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House Financial Services Committee Sends Fed Reform Bill to a Floor Vote

Congress Wednesday fired its latest rounds in its ever-escalating battle with the Federal Reserve, as a Republican-controlled House committee passed a  reform bill aimed at making the Fed more accountable and transparent. The Fed’s has already warned of serious trouble if the nation’s top financial institution were held to formal policy regarding its ability to set interest rates.

The House Financial Services Committee’s effort to markup and vote on a series of six financial bills included the passage of a bill that requires the Fed to adopt a more predictable rules-based policy that it must share with the public and to conduct a study to determine the appropriate capital requirements for mortgage servicing assets for banks.

Other bills considered include requirements on federal agencies to ensure that new or modified financial regulations are efficient before they are introduced and for the GAO to vet the Fed’s Regulation D, which forces financial institutions to focus on compliance rather than spending time with consumers to meet their financial needs. The committee also approved a five-year reauthorization of the Native American Housing Assistance and Self-Determination Act as part of the package.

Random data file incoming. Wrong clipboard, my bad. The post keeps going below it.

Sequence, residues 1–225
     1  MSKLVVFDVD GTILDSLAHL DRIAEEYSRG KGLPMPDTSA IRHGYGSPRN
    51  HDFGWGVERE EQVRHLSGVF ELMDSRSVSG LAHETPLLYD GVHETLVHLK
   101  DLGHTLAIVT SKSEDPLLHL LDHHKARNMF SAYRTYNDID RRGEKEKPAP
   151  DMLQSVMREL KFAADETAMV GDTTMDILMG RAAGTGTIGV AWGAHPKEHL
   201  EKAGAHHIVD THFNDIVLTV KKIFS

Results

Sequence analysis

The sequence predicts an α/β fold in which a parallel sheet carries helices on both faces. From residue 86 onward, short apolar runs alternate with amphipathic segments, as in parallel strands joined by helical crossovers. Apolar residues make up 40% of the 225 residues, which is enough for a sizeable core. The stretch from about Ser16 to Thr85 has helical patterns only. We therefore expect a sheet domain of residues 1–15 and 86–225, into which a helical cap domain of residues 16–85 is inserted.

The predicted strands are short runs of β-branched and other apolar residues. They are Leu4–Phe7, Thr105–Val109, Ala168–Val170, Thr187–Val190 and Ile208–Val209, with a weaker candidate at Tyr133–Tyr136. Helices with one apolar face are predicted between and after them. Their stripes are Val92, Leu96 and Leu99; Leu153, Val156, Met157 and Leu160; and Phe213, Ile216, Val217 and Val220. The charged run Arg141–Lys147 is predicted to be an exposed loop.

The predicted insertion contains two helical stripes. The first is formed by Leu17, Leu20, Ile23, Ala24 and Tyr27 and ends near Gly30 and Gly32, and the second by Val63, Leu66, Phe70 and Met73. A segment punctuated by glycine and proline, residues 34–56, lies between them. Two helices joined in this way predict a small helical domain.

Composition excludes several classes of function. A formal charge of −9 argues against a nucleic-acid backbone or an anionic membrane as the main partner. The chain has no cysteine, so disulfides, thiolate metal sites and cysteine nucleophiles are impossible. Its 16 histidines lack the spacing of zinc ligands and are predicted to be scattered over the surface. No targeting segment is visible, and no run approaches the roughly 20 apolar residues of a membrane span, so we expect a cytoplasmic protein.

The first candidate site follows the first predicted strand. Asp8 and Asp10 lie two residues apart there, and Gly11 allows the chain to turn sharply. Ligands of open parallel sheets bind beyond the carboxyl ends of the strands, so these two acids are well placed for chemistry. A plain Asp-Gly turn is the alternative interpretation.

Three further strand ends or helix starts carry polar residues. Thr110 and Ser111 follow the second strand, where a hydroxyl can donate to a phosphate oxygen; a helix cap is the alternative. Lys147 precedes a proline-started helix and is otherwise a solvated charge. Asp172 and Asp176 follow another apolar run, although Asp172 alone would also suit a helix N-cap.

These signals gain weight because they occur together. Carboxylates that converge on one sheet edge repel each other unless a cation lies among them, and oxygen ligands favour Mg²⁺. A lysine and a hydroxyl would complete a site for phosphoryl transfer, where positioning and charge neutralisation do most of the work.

In a press statement, FSC chairman Jeb Hensarling (R-Texas) said, “With millions of our fellow Americans unemployed and underemployed, job number one continues to be jobs creation and economic growth. Our committee has approved dozens of bipartisan bills to help alleviate the red tape burden that Washington piles on job creators so all Americans can enjoy a stronger, healthier economy.”

Unsurprisingly, the Fed is wary of rules that dictate how it can set rates and other financial policies. Earlier this month,  Federal Reserve Chair Janet Yellen fielded questions from Republican lawmakers about the policies that would be passed in the House two weeks later. Yellin told the lawmakers that “it would be a grave mistake for the Fed to commit to conduct monetary policy according to a mathematical rule. No central bank does that."

Her reasoning is that any infraction of any rule, no matter how tiny, could trigger a costly and wasteful audit by the GAO. Such a course of action, she said, “would essentially undermine central bank independence in the conduct of monetary policy."

About Author: Scott Morgan

Scott Morgan is a multi-award-winning journalist and editor based out of Texas. During his 11 years as a newspaper journalist, he wrote more than 4,000 published pieces. He's been recognized for his work since 2001, and his creative writing continues to win acclaim from readers and fellow writers alike. He is also a creative writing teacher and the author of several books, from short fiction to written works about writing.

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